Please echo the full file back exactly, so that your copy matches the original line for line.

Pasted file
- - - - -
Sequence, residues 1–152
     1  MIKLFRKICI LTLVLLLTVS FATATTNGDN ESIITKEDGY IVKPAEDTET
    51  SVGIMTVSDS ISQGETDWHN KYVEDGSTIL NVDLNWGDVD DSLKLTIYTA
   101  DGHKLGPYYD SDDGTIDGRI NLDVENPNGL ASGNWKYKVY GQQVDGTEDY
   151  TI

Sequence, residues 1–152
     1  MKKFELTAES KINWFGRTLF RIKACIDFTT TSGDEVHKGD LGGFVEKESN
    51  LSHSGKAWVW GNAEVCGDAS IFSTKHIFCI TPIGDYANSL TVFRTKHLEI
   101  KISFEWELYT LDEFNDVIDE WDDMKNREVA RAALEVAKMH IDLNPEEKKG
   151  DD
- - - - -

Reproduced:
Sequence, residues 1–152
     1  MIKLFRKICI LTLVLLLTVS FATATTNGDN ESIITKEDGY IVKPAEDTET
    51  SVGIMTVSDS ISQGETDWHN KYVEDGSTIL NVDLNWGDVD DSLKLTIYTA
   101  DGHKLGPYYD SDDGTIDGRI NLDVENPNGL ASGNWKYKVY GQQVDGTEDY
   151  TI

Sequence, residues 1–152
     1  MKKFELTAES KINWFGRTLF RIKACIDFTT TSGDEVHKGD LGGFVEKESN
    51  LSHSGKAWVW GNAEVCGDAS IFSTKHIFCI TPIGDYANSL TVFRTKHLEI
   101  KISFEWELYT LDEFNDVIDE WDDMKNREVA RAALEVAKMH IDLNPEEKKG
   151  DD